Since the dawn of the Internet, people have viewed kids using the Web with suspicion and fear. Similar to the way video games were blamed for rising teen violence rates, the Internet became the next scapegoat. School shootings were linked to chat rooms and message boards. Bullies young and old took to harassing their victims online.
The next wave of child-Internet safety concerns found online predators lurking in AOL chat rooms, then on MySpace. As depicted on the popular NBC series “To Catch a Predator,” the web was a place for pedophiles to violate parole, gaining access to and the trust of innocent children.
Why then, knowing the possibilities of the big, bad Internet, are people raising their kids online?
Simple answer: For many, it’s a part of life as a 21st century parent.
Proud and digitally-involved parents share photos on Flickr, stories about their children on their blog and purchase the URLs of their kids’ names. But how will their enthusiasm affect their kids?
But when it comes to posting kid-centric content, local marketing and PR experts tend to talk about their kids without talking about their kids. Doug Haslam refers to his son as “Boy” when sharing stories about Little League and other activities. Similarly, podcaster and new media marketer C.C. Chapman has a nine year-old and a seven year-old, whose hometown and school names won’t be found online, at least not in any of C.C.’s content.
“Kids today” are probably the first generation to be brought up online, in the sense that their parents have catalogued their lives on the web, like a scrapbook for all to see. Aged ten and below, these youngsters don’t quite understand what their digital footprint is. But they are learning about online safety and making good choices from their parents.
“Just like in the real world, they have to be smart about talking with strangers,” Chapman advised.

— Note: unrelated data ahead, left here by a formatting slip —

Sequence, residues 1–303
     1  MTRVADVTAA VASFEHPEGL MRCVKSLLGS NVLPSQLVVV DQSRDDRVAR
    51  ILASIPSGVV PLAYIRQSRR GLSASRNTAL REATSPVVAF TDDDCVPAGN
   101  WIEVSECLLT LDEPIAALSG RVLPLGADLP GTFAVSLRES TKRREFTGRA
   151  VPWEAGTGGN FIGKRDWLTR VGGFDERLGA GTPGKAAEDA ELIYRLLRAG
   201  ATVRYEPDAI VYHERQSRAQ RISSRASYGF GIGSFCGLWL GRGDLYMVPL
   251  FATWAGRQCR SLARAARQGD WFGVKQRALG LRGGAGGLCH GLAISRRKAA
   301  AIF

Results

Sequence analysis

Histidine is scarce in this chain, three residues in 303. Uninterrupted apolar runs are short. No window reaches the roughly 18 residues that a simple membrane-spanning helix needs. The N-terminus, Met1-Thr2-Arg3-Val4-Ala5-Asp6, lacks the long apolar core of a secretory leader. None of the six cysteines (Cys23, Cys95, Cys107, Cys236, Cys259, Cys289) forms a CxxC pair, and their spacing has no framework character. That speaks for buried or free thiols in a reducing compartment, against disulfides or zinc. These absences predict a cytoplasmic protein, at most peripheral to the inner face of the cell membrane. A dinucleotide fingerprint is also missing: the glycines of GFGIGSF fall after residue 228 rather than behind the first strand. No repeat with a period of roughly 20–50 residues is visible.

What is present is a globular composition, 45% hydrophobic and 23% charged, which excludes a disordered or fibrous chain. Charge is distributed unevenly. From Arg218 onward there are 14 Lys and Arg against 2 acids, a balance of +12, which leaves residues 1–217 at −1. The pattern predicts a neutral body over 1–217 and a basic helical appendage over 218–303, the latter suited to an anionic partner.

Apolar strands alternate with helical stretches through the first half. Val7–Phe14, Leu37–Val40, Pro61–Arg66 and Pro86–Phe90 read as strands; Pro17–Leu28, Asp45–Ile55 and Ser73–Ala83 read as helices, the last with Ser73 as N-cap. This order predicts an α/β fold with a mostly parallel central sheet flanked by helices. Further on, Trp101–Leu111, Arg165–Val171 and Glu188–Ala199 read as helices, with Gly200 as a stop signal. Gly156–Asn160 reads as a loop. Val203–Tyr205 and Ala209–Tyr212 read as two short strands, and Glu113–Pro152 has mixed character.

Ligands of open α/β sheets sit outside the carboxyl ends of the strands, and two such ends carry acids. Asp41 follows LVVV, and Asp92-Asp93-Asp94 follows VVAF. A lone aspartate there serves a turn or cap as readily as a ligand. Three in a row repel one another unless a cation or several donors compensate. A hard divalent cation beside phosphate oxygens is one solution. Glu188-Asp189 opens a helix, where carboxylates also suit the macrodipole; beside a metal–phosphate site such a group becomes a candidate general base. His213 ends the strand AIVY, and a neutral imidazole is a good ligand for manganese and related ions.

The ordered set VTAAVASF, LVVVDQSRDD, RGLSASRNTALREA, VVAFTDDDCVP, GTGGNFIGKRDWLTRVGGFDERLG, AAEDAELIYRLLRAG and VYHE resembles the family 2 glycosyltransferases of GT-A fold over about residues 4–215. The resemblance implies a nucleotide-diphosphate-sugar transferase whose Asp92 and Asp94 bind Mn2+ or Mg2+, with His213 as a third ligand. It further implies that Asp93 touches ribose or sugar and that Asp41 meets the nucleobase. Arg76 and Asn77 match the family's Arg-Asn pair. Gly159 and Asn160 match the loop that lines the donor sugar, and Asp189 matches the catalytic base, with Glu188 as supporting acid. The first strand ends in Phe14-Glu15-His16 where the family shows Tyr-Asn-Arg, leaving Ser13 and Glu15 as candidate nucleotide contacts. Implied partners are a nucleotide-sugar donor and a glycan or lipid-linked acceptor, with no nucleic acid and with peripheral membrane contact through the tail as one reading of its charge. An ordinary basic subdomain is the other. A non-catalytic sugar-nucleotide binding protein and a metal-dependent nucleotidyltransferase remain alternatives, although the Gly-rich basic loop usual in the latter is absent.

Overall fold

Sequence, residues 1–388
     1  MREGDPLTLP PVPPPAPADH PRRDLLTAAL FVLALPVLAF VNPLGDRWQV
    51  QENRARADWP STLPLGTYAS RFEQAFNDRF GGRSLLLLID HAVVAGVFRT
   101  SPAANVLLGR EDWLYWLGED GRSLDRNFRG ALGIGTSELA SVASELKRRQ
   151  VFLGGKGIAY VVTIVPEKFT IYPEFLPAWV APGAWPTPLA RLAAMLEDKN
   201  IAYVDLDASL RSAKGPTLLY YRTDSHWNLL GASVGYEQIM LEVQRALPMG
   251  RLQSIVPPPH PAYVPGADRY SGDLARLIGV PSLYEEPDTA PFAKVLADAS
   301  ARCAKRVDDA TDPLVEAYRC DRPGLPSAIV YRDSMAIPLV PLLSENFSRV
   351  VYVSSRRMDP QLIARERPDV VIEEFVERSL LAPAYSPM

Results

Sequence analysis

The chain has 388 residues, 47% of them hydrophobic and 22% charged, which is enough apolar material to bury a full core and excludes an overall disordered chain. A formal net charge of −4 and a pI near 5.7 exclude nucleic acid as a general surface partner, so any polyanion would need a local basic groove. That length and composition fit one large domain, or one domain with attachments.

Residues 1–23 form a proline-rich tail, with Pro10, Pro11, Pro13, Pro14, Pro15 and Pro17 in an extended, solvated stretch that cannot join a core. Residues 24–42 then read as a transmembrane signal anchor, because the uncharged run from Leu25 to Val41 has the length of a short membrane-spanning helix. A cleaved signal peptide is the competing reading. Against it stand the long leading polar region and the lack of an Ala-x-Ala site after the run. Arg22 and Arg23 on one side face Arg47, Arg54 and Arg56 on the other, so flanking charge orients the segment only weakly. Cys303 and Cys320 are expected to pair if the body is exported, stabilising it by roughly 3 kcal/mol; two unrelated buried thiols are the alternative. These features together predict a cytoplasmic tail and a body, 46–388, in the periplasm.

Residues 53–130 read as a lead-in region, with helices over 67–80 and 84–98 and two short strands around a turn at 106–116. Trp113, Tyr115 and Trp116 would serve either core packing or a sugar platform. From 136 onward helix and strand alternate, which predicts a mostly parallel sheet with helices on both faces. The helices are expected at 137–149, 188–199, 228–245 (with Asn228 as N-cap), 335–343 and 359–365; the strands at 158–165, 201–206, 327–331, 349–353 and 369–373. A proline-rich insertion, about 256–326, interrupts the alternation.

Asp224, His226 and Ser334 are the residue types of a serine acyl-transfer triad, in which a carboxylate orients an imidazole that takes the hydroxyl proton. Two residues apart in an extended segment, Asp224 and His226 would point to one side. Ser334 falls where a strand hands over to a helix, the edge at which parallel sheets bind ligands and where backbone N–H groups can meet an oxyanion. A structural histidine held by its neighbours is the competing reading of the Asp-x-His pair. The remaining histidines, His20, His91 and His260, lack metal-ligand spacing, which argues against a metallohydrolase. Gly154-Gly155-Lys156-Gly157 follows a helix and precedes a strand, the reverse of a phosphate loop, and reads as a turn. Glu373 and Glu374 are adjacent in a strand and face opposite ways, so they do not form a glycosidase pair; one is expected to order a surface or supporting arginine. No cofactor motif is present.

But ensuring safety is just the first step.
Teaching and Managing a Digital Identity
Since Facebook opened to the masses, we’ve all heard the horror stories. Recent grads passed over for jobs because of red plastic cups of beer, pageant dreams ruined by naughty pictures–all issues of identity management. Learning that even the sprawling Internet has a fourth wall and people are watching is a tough lesson.
For the next generation of digirati, parents are teaching this by example.
C.C. shared that he won’t “post anything that is overly embarrassing–questionable photos and truly personal stuff stays offline.” That also includes acting ethically online; now that his kids are of age to understand, he asks their permission before posting their photos or videos online.
At a certain point, it’s the kid behind the camera, mobile device or social networking profile.
“Give kids freedom to make their own choices and mistakes just like the rest of their lives, but pay attention to what they are doing, where they are going and what they are saying/posting online.” C.C. advised.
A Set Up for Future Embarrassment?
When these kids are in high school and college, will a prerequisite for dating my teenage daughter be reading my blog? Before taking a date home to meet the folks, will these cyber-minded teens Google each other? Or each other’s parents? Will dating go the way of job interviews, scanning the social networks to make sure you’re making the right decision?
Maybe. But is it really that earth-shattering?
It’s too soon to tell if and when these kids gain awareness of their digital footprint, what it will mean to their on and offline identity. However, with the web becoming a mainstay in how we interact and learn about each other, on and offline identity will likely be one in the same by the time these kids are in college.
Pamela Sieple, an expecting mother and author of the Little Baby Lump blog, said, “The blog is basically just a more personal, virtual baby book.”
Baby books have embarrassed teens, tweens and pre-teens for as long as they’ve existed, and long before the Internet.
As Pamela put it, “We all have to go through some level of parental embarrassment, right?”